Chris Schultz

Outdoors Column

By Chris Schultz
Winsted-Lester Prairie Journal & Howard Lake-Waverly Herald, Minn.

March 25, 2002

More bald eagles being sighted in area

Ten years ago, five years ago, even as little as three years ago, bald eagles were rarely seen in our area.

Actually, the sighting of a bald eagle was an outdoor event. If I would get a tip or a call from a reader on an eagle sighting I would rush out to that location to get a look and, if possible, a photo.

Needless to say, just getting a look was an accomplishment of being in the right place at the right time. A photo, at least a good one, was nearly impossible.

At that time, say a few years ago, only two eagles that I knew of were possibly nesting in our area. Most eagle sightings occurred in the spring during ice out.

Eagles would typically follow the ice out line on their way north. Ice out, or lakes just opening up provide eagles with and easy and ample food source of winter killed fish.

During ice out the north end of Howard Lake was a good spot to see an eagle on its way to northern nesting grounds. South winds would blow dead fish to the north end of lake giving a bald eagle a short, but easy meal.

Today, without question, bald eagles and bald eagle nesting are more common in our area. In the past week, I've gotten close to and have seen bald eagles or pairs of eagles in three separate locations. It is also very likely that these eagles will nest in or near those locations.

The photo in this week's column is of a mature bald eagle sighted near Lakes Mary and Dog in southern Wright county between Howard Lake and Winsted.

Other good locations to get a look at an eagle are the north end of Howard Lake and anywhere near Lakes Ann and Emma. In the past two years, I have had several reports of eagles nesting near Lake Emma.

Another location for good eagle watching is right on the Carver County-McLeod County line in the wetlands area between Lester Prairie and New Germany.

In these areas, the eagles seem to be getting more used to people, and will give the average outdoor enthusiast a chance to get a good look before taking off.

The photo in the column, were taken by sports editor, Aaron Schultz, with a digital camera. As I watched from the car, Aaron got to within 30 yards of the dead tree this bald eagle was sitting in.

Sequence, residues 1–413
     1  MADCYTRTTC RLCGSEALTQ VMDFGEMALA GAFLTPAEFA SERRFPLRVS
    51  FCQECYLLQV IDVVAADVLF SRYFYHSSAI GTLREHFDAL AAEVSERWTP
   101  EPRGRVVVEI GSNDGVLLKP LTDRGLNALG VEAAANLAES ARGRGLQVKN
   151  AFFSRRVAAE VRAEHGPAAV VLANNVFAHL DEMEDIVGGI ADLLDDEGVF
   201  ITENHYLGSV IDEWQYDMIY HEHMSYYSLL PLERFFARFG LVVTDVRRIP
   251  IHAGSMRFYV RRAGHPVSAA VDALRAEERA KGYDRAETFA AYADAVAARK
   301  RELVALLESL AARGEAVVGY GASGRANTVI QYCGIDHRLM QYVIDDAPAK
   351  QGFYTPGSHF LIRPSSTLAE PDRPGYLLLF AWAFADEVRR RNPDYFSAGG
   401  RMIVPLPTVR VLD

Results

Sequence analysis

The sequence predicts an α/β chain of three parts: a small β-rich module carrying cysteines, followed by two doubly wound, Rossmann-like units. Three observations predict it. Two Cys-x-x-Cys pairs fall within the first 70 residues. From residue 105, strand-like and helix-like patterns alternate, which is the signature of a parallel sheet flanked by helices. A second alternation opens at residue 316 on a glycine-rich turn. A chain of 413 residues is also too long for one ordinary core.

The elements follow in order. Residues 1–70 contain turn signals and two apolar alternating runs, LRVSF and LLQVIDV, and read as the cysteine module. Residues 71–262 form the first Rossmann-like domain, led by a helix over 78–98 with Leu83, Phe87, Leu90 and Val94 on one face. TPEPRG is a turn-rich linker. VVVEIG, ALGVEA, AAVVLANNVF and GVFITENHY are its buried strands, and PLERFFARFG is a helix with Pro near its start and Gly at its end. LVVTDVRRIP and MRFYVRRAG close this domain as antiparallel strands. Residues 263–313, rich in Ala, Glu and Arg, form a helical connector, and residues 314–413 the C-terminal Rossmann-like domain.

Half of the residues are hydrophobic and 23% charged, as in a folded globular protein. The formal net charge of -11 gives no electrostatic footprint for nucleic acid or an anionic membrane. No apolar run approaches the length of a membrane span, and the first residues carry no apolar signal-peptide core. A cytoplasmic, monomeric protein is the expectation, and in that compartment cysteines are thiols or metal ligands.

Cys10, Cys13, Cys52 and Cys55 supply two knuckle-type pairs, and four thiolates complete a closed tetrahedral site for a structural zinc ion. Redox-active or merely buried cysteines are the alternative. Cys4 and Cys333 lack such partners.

This is the best photo of a bald eagle to date we have had the chance to publish.

If you're interested in getting a good look at an eagle bring your binoculars and head to one of the areas mentioned. Stay close to bodies of water, like lakes, rivers or large wetland areas. Look for the big white head, large dark wing spans and pay special attention to large and tall dead trees along shorelines.

Like the Canada goose, the bald eagle has become a conservation success story in our area.

Outdoor notes

­ Spring officially began on Wednesday, March 20. According to the calendar, winter is over for another year.

­ We could set two new records this month. First, this could be the coldest March ever on record. Second, this could be the first year or winter season ever where March was the coldest month.

­ Fishing on our area lakes has been pretty slow of late. The only reports I have come up with lately have small sunfish biting on Lake Mary and Howard Lake giving up some evening crappies.

­ Remember to purchase your new 2002-2003 Minnesota fishing license. Your 2001-2002 license expired Feb. 28.

­ There are many outdoor and conservation fundraising banquets set for the next month or so. Attend the one of your choice.

­ Look for more and more waterfowl to moving through the area very soon.

­ The 2002 Minnesota fishing opener is set for Saturday, May 11.

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